Florida Republican Marco Rubio is now running for the Senate seat he was prepared to give up — until his presidential aspirations were derailed by New York billionaire Donald Trump.
While announcing his bid for a second term on Wednesday, Rubio acknowledged his frustration with the Senate and the gridlock he’s found there. But he said he also sees the chamber as an important check against abuses by the executive branch. "No matter who wins the White House, we need a strong group of principled, persuasive leaders in Congress who will not only advance limited government, free enterprise and a strong national defense, but also explain to Americans how it makes life better for them and their families," Rubio said in a statement. "I ultimately changed my mind about this race because on that front, and in that fight, I believe I have something to offer."
Rubio took swipes at both presumptive presidential nominees, saying Democrat Hillary Clinton would lead to economic stagnation and failed foreign policy.
"The prospect of a Trump presidency is also worrisome to me," Rubio added. "It is no secret that I have significant disagreements with Donald Trump. His positions on many key issues are still unknown. And some of his statements, especially about women and minorities, I find not just offensive but unacceptable."
A poll released Wednesday suggested he would beat either of his leading Democratic rivals if he made the last-minute decision to run again. In Florida, Rubio leads Rep. Patrick Murphy 47 - 40 percent and tops Rep. Alan Grayson 48 - 40 percent, according to the Quinnipiac University Swing State Poll. The poll also found that none of the relatively unknown Republican candidates already in the Florida race has a lead over either Democrat.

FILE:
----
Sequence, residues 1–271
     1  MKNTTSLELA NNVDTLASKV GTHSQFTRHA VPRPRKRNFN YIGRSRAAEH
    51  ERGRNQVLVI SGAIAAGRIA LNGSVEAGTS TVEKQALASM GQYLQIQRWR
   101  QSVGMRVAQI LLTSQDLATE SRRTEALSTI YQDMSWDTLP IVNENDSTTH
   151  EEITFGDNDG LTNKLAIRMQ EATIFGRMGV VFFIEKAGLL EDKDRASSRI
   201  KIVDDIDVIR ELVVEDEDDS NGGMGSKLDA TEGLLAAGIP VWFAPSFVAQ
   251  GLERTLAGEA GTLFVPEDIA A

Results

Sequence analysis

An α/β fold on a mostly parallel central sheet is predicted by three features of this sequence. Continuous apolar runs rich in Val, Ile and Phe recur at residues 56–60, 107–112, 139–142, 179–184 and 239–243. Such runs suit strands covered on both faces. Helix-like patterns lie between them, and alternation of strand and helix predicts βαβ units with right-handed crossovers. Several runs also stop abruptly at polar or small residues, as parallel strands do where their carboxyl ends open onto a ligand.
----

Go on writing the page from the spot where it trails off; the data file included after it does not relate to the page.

"With Republican national leaders worried about keeping control of the U.S. Senate, Sen. Marco Rubio might ride to their rescue if he decides to reverse field and seek re-election," said Peter Brown, assistant director of the Quinnipiac poll.
One of Rubio's would-be opponents, Rep. David Jolly, pre-emptively left the Senate race Friday, opting instead to run for re-election in the House. Another, Rep. Ron DeSantis, said Wednesday he would do the same. Carlos Beruff made clear that he will continue seeking the GOP nomination.
In their attempts to recruit Rubio, Republican operatives complained openly that the five candidates who had been seeking the GOP nomination lacked the ability to raise enough money to win the battleground seat.
Rubio's entrance into the campaign brings with it a national fundraising network and near-universal name recognition to an expensive state the size of a small country.
"He's still a bright shooting star, one of a my best friends in the Senate," said Tim Scott, R-S.C. "And a guy that has lots of integrity and lots of charisma. So I'm excited that he's running and will do everything I can to make sure that he's successful."
But Rubio will also face problems in the state with Trump atop the ticket, potentially alienating Latino voters, and the lingering damage from Rubio's failed presidential campaign. Rubio lost in the state's GOP presidential primary.
"I think his biggest problem is Hillary is going to absolutely swamp the top of the ticket and that's going to have a down-ballot effect," said Sen. Bill Nelson, D-Fla.
The open seat was rated a Tossup by The Rothenberg & Gonzales Political Report/Roll Call before Rubio's decision and that wouldn't change immediately after his announcement.
As for Rubio, he told Roll Call on Wednesday morning that returning to the campaign trail will require changing his routine again.
"I'll be home every weekend, the way I am now. I'll just be campaigning instead of, you know, pressure-cleaning my driveway," Rubio said. "We're going to be up here through the 15th, and then we'll have plenty of time over the summer and fall to campaign."